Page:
PRETTY MUCH everyone can agree that Customs and Border Protection (CBP) agents should be able to freely search travelers’ bags at the border. Their job is to stop everything from illegal weapons to illicit drugs to invasive species from entering the country. But searching through every last email on your cellphone? That’s much less defensible.
Even so, CBP has the legal authority to thumb through every personal detail on Americans’ electronic devices without meeting any standard of suspicion, as though practically bottomless digital storage devices were the same as under-seat suitcases. This permissive regime applies only at the border; once inside the country, the Fourth Amendment demands that law enforcement officers get warrants for intrusive electronic searches. Border crossings, then, serve as front doors to the country and back doors into Americans’ private lives. Customs agents can gather and transmit private information to the FBI and others — or simply hassle people, as a variety of anecdotal accounts suggests — with little independent oversight.
Border agents are exploiting the loophole more and more. CBP reported Tuesday that officers conducted 14,993 electronic-device searches across 189,594,422 international arrivals in the first six months of fiscal 2017, up from 8,383 searches across 186,376,118 arrivals in the same period the previous year. To be clear: The 2017 surge in searches began before President Trump, advocate of “extreme vetting,” entered office, suggesting that the numbers might continue to grow from here.
Meanwhile, the courts are increasingly recognizing the obvious: Searching a phone is a lot more invasive than searching a wallet or a bag. Law enforcement officers used to face relatively few restrictions examining materials they found in, say, the pockets of someone they arrested. But recognizing that “today many of the more than 90% of American adults who own cell phones keep on their person a digital record of nearly every aspect of their lives,” the Supreme Court ruled in 2013 that officers could not search an arrestee’s cellphone without a warrant.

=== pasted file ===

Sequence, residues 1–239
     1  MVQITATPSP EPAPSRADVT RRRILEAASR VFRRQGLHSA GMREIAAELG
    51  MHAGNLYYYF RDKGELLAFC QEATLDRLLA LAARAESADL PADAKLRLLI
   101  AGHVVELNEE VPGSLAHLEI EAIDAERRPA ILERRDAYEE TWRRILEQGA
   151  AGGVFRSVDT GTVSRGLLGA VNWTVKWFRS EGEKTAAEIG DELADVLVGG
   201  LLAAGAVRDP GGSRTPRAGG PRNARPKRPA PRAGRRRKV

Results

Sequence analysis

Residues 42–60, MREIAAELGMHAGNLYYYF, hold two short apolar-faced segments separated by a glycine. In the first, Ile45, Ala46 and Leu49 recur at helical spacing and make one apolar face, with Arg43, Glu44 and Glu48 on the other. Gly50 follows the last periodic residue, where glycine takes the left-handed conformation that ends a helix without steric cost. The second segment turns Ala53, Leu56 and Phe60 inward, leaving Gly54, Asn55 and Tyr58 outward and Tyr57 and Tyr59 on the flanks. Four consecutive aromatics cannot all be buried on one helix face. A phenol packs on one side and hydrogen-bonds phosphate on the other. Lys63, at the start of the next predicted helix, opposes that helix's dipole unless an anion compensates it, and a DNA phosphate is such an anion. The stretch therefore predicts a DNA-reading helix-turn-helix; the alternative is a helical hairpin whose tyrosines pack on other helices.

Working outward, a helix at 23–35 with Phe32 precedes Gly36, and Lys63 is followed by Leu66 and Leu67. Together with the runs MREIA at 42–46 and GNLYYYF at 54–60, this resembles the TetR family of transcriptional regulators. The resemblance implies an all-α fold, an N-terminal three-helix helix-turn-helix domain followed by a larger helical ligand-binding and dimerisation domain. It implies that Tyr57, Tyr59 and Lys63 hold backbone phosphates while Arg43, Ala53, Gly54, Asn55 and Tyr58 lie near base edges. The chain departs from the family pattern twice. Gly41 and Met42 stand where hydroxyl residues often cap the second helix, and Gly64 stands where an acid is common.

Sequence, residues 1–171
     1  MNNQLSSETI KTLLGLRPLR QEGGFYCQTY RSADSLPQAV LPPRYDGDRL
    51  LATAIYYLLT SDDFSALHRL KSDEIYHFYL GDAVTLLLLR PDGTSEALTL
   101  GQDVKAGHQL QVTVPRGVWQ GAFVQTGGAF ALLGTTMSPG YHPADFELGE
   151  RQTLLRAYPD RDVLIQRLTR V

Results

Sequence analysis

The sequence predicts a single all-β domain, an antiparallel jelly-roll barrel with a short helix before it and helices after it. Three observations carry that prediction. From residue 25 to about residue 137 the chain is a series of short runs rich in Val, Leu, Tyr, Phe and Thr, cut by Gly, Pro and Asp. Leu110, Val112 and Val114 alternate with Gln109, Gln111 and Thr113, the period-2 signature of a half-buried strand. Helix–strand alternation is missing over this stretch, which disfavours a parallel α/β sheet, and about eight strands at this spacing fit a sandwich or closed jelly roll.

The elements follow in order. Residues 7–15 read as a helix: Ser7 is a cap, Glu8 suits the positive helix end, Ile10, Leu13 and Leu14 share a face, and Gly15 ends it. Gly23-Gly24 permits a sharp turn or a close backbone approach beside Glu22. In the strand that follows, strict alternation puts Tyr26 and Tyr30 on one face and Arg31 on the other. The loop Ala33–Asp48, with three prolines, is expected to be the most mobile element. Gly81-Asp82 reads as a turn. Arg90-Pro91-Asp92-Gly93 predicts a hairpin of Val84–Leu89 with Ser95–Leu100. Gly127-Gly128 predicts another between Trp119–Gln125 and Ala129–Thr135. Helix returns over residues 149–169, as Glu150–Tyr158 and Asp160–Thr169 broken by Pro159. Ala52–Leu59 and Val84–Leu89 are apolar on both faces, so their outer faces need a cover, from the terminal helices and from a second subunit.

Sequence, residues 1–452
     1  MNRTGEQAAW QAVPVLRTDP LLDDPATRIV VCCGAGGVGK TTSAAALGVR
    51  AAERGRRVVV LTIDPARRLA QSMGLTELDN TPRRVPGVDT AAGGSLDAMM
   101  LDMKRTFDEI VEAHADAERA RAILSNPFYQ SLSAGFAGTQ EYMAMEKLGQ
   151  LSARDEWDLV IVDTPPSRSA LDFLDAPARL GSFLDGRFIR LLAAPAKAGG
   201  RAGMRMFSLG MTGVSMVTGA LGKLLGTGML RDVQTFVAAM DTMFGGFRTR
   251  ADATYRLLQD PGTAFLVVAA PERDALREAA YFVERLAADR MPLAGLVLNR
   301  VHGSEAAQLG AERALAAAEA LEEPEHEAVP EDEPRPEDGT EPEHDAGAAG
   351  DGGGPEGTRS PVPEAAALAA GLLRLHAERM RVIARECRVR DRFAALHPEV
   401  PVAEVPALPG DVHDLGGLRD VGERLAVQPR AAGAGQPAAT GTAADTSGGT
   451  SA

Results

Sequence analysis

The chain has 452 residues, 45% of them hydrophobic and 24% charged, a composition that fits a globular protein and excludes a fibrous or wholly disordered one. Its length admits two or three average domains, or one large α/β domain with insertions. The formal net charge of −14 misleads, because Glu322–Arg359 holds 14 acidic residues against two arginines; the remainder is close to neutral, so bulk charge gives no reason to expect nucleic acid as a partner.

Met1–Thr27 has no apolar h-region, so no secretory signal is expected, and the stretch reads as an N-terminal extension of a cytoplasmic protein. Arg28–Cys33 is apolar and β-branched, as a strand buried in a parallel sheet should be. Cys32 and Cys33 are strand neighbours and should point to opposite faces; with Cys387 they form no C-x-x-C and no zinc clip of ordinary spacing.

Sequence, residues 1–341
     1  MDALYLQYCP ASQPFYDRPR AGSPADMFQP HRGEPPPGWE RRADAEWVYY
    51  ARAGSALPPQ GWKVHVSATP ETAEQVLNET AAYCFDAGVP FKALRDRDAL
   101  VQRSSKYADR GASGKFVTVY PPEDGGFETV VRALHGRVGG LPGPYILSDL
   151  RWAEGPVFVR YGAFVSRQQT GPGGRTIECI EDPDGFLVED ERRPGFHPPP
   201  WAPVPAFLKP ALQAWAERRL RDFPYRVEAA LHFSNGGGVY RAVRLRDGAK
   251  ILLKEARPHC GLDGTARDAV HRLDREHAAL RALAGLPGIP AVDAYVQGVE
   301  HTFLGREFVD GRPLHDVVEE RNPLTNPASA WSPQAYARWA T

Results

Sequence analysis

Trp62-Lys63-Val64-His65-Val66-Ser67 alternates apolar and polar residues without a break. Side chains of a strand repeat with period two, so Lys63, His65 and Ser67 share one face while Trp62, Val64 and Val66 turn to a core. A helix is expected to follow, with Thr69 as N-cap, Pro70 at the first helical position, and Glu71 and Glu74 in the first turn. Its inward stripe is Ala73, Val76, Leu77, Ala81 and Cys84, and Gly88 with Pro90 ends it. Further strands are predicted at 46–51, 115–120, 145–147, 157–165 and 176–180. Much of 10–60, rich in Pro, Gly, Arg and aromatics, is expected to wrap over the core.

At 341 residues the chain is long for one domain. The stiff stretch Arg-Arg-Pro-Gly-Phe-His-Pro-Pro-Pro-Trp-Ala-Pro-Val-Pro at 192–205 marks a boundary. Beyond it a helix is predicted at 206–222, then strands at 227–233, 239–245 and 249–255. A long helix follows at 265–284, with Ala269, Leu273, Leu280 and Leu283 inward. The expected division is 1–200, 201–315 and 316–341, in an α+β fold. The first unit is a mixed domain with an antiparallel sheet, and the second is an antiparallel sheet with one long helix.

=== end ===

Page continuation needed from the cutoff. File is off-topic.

In time, courts might take a similar tack on electronic devices at the border. But Congress should not make Americans wait for judges to place sensible privacy protections on CBP. A bipartisan group of lawmakers last week introduced a bill that would require border agents to obtain a warrant before searching through U.S. travelers’ electronic devices and to inform detained Americans of their privacy rights. Officials could hold a suspect’s device until they got a warrant to search it, and there would be an exception to the rules in case of emergency.
Earlier congressional attempts to raise standards on the border were not quite as restrictive, so lawmakers might eventually settle on a lower standard. What’s clear is that they cannot leave the current system in place.